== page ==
These sites can work. Although, they’re not for everybody. You do almost feel like you’re shopping, and there is a certain amount of trust involved. I always say people can lie easily online, but they can also lie to your face. You just have to be smart and go with your instincts. If something doesn’t feel right, it probably isn’t. But, sometimes, I think the hardest part about going the online dating route is syncing what you see on the screen with who you meet face-to-face. Conversation in e-mail might go really well because you both have plenty of time to craft the appropriate things to say (not that most guys do), but once you have nothing to hide behind and you are literally with that person, it can be an intimidating situation for some. That’s when you can tell for sure whether or not a relationship will move along.

This clip with Kristen Wigg having a date with someone she met online while on Jimmy Kimmel Live! is obviously a joke, but it is hilarious and a great amplification of the awkwardness that can happen during a first meeting with someone as well as the weirdness that can follow.

I certainly won’t count this out as an option because it has become so commonplace. People I know seem to be more open to talking about their knowledge of the sites or how they met their significant other through these means. The stigma that society once placed on online dating is slowly dissipating. By refusing to put myself out there in this way, I feel like I might be limiting my chances.

If you happen to still be on the lookout for someone who will be your best friend and who makes you feel loved and happy, you owe it to yourself to give this a try. Like speed dating, the worst case is that you go on some bad or awkward dates, but get some practice and come out with some good stories to tell. Maybe you just make a few friends (you never know, new contacts can increase your probability of meeting people the “normal” way). Or, the best outcome is that it works for you and you find exactly what you’re looking for. Like life, timing is everything. This might be your time. So, take a deep breath and a leap of faith because this could potentially be the start of a brand new day!

 

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Downtown Dining Week, Why Not YEG Restaurant Week?

The Downtown Business Association (DBA) is celebrating the end of, what I suspect was, another successful run of Downtown Dining Week (DTDW) in Edmonton, Alberta. For the eleventh year in a row, they have brought diners out to try menus from 30 different restaurants located in the city’s core. Over a period of ten days, people were able to sample a variety of menus that included $15 lunches as well as $25 or $50 dinners.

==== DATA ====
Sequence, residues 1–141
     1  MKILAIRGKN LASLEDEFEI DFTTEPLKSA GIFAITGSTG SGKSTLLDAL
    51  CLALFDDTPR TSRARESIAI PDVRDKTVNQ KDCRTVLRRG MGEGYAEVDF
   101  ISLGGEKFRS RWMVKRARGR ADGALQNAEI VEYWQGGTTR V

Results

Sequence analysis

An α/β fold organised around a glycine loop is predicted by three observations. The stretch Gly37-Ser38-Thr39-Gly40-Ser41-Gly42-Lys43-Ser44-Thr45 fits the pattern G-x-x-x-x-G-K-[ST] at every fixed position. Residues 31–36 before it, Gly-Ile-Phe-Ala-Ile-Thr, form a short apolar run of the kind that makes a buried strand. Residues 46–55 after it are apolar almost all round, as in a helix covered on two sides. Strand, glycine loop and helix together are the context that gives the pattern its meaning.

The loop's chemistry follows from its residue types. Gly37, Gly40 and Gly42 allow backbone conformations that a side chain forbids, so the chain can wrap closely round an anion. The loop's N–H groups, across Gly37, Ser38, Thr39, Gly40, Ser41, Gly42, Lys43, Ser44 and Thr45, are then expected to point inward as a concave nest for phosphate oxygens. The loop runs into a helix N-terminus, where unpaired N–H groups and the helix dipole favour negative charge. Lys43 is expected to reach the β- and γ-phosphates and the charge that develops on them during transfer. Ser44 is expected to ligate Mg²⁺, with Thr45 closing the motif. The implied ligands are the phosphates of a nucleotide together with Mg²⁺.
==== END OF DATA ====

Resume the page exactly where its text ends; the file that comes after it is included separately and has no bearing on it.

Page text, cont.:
An ad for Downtown Dining Week that I pulled from the Edmonton Journal website.

An ad for Downtown Dining Week that I pulled from the Edmonton Journal website.

Being that I work in the area, I took every chance I had to eat at as many places as I could over the 10-day period. It only amounted to five meals for me, but, personally, I couldn’t imagine having such rich meals for both lunch and supper every day in such a short amount of time anyway. I especially savoured the opportunity to visit restaurants that have a reputation for great food, but that I may not typically go to on a whim because of the prices, which meant I ventured over to the Hardware Grill, Madison’s Grill, Ruth’s Chris Steak House, Sorrentino’s Downtown and Normand’s Bistro. All of them did an excellent job of helping us to watch our wallets while delivering top-notch food, even when the dish was as simple as a pulled pork sandwich.

Although, in my opinion, a few establishments should have worked a bit harder to entice people; they could have ventured away from their regular dishes to experiment with something new, or refrained from picking the least expensive plates from their usual selection of fare (if it costs the same to dine with them during DTDW as it does on any other night, it means it isn’t really “specialty-priced” as per the description on the DBA site) as part of the attraction of the event is that it provides deals where they aren’t typically found, making it a lot more affordable. Regardless, the majority of the DTDW menus had variety, giving you the choice of more than one item per course that ranged from salads and sandwiches to hearty pork and steak dishes or fish to pastas. Every lunch consisted of two courses and each dinner had at least three (appetizer, entrée and dessert).